3. karad

    karad Registered Member

    wat0114, what you say strengthens my idea I dont need to do anything when restoring the image in order to achieve a good booting.

    As to ther problems you encountered with partitions i guess -at least in the new version- you can indeed resize,provided the destination disk or space is bigger than the source.

    I hope someone else who did use clonezilla can clarify a bit more my doubts, or give some boot-mbr backup suggestion which will help in case the system wont boot right away. (I'd hate having to go to GRUB RESCUE-i never succeeded with that disk- or having to deploy the Live Ubuntu 10.10 again to fix boot).
  4. wat0114

    wat0114 Guest

    Right, that's what I'd always thought, but, like I mentuioned, re-sizing the target to larger than the image was made from resulted in an error upon trying to restore.
  5. tlu

    tlu Guest

    Interesting! What would you prefer instead?
  6. wat0114

    wat0114 Guest

    For Linux there is Paragon's Backup and Recovery 2010 Advanced...

  7. karad

    karad Registered Member

    I've used for years Paragon and downloaded B&R Advanced ,installed in the XP partition and proceeded to make a disk image, which definetely is ok by all means in both XP and Ubuntu partitions, but unfortunately it will not recreate the GRUB2 boot entry, resolving in a no-boot.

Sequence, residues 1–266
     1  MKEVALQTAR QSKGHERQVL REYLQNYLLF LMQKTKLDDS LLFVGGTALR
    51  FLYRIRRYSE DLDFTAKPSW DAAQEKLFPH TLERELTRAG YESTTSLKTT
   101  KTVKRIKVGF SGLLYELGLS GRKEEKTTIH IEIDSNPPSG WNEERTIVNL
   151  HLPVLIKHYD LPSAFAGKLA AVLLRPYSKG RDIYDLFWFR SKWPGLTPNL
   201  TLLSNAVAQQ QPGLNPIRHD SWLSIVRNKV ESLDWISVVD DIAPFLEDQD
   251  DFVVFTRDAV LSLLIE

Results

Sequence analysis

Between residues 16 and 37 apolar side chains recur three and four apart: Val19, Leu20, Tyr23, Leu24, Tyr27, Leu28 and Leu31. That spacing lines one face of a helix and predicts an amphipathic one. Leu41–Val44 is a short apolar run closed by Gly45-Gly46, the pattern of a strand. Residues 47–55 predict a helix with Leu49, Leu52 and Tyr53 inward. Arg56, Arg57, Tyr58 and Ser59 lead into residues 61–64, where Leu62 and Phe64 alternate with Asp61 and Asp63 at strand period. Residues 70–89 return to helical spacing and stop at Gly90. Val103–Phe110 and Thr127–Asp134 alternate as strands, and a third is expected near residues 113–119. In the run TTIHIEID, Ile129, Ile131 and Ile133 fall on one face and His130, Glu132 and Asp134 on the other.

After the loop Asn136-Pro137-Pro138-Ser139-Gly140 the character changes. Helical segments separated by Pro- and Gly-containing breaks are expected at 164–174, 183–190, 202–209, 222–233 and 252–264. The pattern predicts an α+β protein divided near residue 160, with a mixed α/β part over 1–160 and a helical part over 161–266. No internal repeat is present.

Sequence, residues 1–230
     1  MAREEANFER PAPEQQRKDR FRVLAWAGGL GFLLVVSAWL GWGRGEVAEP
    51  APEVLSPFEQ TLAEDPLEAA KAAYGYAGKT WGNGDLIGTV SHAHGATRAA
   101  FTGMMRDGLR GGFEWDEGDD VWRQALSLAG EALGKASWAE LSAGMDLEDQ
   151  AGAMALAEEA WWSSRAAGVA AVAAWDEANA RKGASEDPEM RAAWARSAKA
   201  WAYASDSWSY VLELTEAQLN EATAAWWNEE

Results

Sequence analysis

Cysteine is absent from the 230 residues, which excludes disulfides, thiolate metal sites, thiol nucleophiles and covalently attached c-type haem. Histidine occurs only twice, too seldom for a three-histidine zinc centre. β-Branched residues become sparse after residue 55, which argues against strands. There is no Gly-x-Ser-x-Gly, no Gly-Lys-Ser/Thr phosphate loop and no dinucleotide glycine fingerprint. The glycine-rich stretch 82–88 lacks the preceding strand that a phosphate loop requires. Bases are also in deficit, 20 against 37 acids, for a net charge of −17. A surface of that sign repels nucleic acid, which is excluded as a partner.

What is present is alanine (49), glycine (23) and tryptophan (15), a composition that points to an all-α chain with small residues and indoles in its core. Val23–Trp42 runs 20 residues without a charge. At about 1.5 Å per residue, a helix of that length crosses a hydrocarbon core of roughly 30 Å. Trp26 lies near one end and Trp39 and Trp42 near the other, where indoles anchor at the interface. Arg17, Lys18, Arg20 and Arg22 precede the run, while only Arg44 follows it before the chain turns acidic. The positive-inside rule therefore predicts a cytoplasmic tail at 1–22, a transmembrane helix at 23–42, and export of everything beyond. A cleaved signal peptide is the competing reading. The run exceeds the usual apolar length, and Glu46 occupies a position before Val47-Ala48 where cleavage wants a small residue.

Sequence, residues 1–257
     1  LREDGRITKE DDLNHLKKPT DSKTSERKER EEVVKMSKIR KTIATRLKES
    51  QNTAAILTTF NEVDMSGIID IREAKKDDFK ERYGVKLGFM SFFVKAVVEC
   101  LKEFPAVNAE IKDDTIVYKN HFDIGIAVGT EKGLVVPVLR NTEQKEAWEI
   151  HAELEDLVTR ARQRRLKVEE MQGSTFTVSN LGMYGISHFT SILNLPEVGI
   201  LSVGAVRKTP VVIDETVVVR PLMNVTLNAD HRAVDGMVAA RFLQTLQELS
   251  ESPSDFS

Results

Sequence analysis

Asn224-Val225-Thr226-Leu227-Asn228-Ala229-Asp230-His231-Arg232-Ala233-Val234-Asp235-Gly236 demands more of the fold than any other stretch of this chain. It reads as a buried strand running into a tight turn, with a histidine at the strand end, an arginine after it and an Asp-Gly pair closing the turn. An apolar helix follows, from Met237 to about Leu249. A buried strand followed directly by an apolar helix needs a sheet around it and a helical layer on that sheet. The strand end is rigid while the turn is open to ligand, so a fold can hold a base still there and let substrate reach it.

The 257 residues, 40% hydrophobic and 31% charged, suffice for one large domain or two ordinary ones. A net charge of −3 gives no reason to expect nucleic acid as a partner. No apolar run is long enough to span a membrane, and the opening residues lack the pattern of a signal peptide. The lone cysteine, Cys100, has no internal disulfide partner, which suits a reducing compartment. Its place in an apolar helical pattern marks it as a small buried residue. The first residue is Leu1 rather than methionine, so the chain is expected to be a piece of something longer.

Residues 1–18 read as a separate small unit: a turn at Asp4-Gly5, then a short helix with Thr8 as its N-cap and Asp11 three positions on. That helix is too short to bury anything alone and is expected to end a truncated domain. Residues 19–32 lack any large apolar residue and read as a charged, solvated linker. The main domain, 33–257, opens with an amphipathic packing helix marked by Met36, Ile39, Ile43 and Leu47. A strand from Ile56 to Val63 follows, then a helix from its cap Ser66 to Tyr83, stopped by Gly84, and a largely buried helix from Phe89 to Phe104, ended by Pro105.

I wonder if- installing B&R Advanced for Linux in the Ubuntu partition things might go diffrently ,perhaps you need GRUB2 installed in the Linux partition?

    No one else here used Clonezilla to restore a dual boot?
  8. tlu

    tlu Guest

    Thanks - I will try that :thumb:
  9. pandlouk

    pandlouk Registered Member

    Hi Karad,

    you are trying to restore the individual partitions or the entire disk?

    Have you tried Redo Backup and Recovery? Both clonezilla (in default settings) and redo backup are front ends for partclone.